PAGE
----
There are two inherent truths in the digital age of media.

1. Everyone has an opinion.
2. Everyone has the means to share that opinion.

That’s not always a good thing for journalists. Because often what we get, when it comes to article comments, emails, Facebook posts and tweets, is hastily-written, sometimes inflammatory notes and responses, the mere process of which mocks the thought and time that goes into producing the content in the first place.

Another reason it’s not always a good thing: The world is more specialized now than ever before.

Into card games? In the 21st Century, you can flop down on the couch and watch guys who make a living at poker play the game on TV. Or take on other card enthusiasts from around the world in real-time online events.

Is cooking your thing? No problem; there are 5.7 million different cooking shows on TV — reality shows, contest shows, instructional shows — and entire networks devoted to food, plus blogs, and websites, and forums all over the Internet.

It’s a great time to be alive, because literally almost anything you could possibly be interested in already has a venue — virtual or otherwise — tailored just to you.

Such specialization creates a different challenge for the modern-day journalist, however. Gone are the days when we can mindlessly dabble in a variety of different topics, switching gears easily and often to bring people different specialized content every other day.

Such things require an attention to detail and understanding like never before. Let me just say, for example, that you shouldn’t bother writing about the innerworkings of professional soccer unless you’re intimately familiar with the sport and its business side. Because there are people out there — a lot of them, it turns out — who pay attention to little else, and they’ll skewer you if you step a toe out of line.

At least that’s been my reality as I delve back into the world of freelance writing. It’s been, at times, discouraging, but it’s been eye-opening, as well.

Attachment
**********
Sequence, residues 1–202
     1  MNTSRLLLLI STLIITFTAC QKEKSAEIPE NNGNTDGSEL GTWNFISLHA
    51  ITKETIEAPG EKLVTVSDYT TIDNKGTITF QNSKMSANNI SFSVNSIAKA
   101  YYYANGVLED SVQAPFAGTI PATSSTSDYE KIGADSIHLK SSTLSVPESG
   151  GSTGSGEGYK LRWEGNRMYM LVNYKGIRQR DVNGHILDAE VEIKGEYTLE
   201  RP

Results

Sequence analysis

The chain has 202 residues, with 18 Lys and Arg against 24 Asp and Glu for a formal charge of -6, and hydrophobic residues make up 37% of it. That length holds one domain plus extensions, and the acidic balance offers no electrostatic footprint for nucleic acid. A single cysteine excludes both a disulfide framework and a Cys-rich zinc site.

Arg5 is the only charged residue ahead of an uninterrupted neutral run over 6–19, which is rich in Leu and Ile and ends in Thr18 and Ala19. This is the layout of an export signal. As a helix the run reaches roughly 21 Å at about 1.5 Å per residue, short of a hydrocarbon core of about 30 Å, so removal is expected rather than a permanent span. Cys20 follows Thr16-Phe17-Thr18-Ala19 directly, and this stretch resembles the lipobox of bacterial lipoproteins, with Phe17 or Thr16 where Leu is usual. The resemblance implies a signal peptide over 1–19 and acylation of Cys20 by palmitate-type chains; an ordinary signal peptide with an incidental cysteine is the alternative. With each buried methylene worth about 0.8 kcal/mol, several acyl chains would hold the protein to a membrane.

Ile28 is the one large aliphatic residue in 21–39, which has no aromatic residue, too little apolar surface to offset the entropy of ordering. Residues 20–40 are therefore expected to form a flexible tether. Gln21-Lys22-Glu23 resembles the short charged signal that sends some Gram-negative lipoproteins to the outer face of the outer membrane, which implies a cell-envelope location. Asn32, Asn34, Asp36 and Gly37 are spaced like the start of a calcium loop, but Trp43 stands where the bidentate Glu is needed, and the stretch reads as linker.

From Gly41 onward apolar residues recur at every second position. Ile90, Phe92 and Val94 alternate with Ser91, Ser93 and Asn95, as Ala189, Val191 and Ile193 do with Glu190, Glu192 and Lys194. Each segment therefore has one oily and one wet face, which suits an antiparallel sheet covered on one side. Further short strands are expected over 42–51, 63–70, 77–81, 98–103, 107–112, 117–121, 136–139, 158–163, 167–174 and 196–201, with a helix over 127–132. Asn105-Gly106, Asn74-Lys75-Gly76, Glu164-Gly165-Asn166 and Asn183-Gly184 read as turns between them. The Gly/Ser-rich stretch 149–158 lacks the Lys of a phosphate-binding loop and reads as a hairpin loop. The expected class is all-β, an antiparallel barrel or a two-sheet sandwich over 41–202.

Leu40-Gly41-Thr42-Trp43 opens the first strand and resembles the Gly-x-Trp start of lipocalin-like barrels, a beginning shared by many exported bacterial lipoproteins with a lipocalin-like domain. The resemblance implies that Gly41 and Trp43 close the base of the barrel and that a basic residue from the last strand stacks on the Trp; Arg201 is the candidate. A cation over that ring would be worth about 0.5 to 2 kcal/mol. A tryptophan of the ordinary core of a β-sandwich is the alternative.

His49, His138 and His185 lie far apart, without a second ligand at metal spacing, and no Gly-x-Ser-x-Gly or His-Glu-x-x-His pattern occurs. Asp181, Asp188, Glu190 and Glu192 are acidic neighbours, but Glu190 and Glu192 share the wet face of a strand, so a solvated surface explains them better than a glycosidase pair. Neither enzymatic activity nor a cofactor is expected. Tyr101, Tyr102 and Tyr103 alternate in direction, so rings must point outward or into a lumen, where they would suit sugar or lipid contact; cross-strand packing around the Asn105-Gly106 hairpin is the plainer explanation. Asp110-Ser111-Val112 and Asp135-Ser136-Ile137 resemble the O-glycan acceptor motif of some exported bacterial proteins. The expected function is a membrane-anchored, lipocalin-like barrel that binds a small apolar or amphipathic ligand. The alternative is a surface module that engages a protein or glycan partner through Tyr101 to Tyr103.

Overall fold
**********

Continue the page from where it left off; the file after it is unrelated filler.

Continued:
Because I firmly believe that a modern journalist, particularly a writer in the digital age, simply can’t afford to be one-dimensional. There are too few publications — online and print — willing to pay decent money for us to cover specific beats and focus on specific topics in our coverage. We have to display a wide range of abilities, and we have to be able to do so while holding our own with even the hardest of the die-hards in any given realm.

And they’re out there. In droves.

I’ve spent a lot of time writing as a contributor to the Yahoo! Network, specifically in sports, travel and TV. My sports stuff, in particular, is regularly bashed, either because of something I wrote, or because of something I didn’t write, or because I’m not sufficiently amping up one reader’s team, or because I didn’t show due respect to another reader’s favorite sport, or, sometimes, for no reason that’s discernible to me whatsoever.

I could probably make a pretty compelling argument about the general intelligence level of the average Yahoo! Sports commenter — and about the impact of allowing user comments without any real accountability — but the experience has still been intriguing to me.

In sports, at least, fans’ passion about their favorite teams nowadays is exceeded only by the rapid-fire way in which they’ll defend those teams if you offend, or appear to, in any way.

Among the problems with Yahoo!, and with many other online freelance platforms, is that editing is a luxury not generally afforded to the writer. You’re mostly on your own, expected to be a professional researcher, interviewer, writer, headline writer, copy editor and content editor. It’s a process that used to involve at least two or three different people, all working together to produce good content. Now, in many online platforms, it’s a solo act.

Which brings me back to that whole specialization thing.

Because it occurs to me that in an age of intense specialization, when the average consumer has her every interest catered to like never before, successful journalists are expected to be experts in only one area: